Esther and Wesley Weber welcomed our group of eight into their kitchen where the table was set with light refreshments. Typical of an Old Order Mennonite lunch, Esther stacked thick slices of homemade whole wheat and white bread at the head of the table, intending to be layered with rich butter, cheddar cheese and summer sausage. Sweet pickles, carrots and apple juice complimented the salty foods.

“Don’t be shy, take two pieces,” Esther said to everyone. “There’s plenty more.”

I don’t doubt there is enough bread, cheese and meat to feed us all twice over.

We arrived at the Weber farm, just south of Elmira, by way of the Waterloo Central Railway from St. Jacobs Market. Once we disembarked the train in Elmira, a tractor-pulled wagon bumped us through the town and private back lanes to the Weber’s 100-acre property that has been in Wesley’s family for four generations.

Old Order Mennonites are a visible presence in Waterloo Region, known by their horse and buggy transportation, dark clothing and ability to live separate from society. But few people have regular interactions with the closed community unless you are a relative or have regular business dealings with local families.

The “Mennonite Excursion” that brings me to the Weber kitchen is a partnership between the WCR, the Elmira BIA and Kitchen Kuttings, an Elmira-based food shop that specializes in cheese and sausage. Esther and Wesley Weber, the Old Order Mennonite couple who offer their kitchen table as a place to learn something about Old Order Mennonite culture and history, were also integral to this experience.

Once everyone had enough food on their plates, Esther pulled up a kitchen chair beside the counter and Wesley settled beside the wood burning oven that dominated one-third of the room.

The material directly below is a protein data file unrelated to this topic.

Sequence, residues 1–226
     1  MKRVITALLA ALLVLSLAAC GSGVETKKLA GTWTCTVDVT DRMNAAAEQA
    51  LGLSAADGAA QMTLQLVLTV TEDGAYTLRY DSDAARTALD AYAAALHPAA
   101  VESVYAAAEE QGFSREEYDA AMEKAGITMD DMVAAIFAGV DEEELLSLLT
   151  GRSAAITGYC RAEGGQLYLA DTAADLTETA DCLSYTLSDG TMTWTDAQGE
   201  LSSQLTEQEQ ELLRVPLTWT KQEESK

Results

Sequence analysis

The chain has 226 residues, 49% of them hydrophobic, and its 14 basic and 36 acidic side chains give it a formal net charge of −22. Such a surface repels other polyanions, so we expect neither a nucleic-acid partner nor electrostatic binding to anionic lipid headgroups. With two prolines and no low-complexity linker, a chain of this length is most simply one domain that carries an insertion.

“So, what would you like to know? What questions do you have about Mennonites?” Wesley asked.

For the next hour, Esther and Wesley answered questions and told stories: how they met and married; why the youngest son gets to take over the family farm; how the community deals with medical care and education since they don’t pay taxes for government services; how families take care of their elderly at home for as long as possible; the changing nature of farming for young families as land in southern Ontario becomes more scarce and more expensive; what the singing sounds like in their churches; how they make a living; whether or not they play musical instruments and how young people decide to become church members.

Neither Esther nor Wesley shied away from questions about the roles of women and men in the community.

To the Webers, an invitation to their home on a Thursday morning is more than just a food sampling. In 10+ years of welcoming visitors to their kitchen, they have hosted people from across the globe, as the collection of international fridge magnets can attest.

“It’s an opportunity for a cultural experience and we like learning about other people, too,” Esther remarked.

I learned a lot that I didn’t know (or had forgotten) about my own community and cultural heritage. The wall clock in the Weber’s kitchen chimed on the quarter hour just like the clock in my grandmother’s house. Grandma Metzger was an Old Order Mennonite and I grew up with Old Order Mennonite aunts, uncles and cousins. But that’s not an automatic pass toward full cultural understanding.

Take it from me, there is “plenty more” to learn about cultures in your own backyard when there is the opportunity to travel down a farm lane for a conversation at the kitchen table.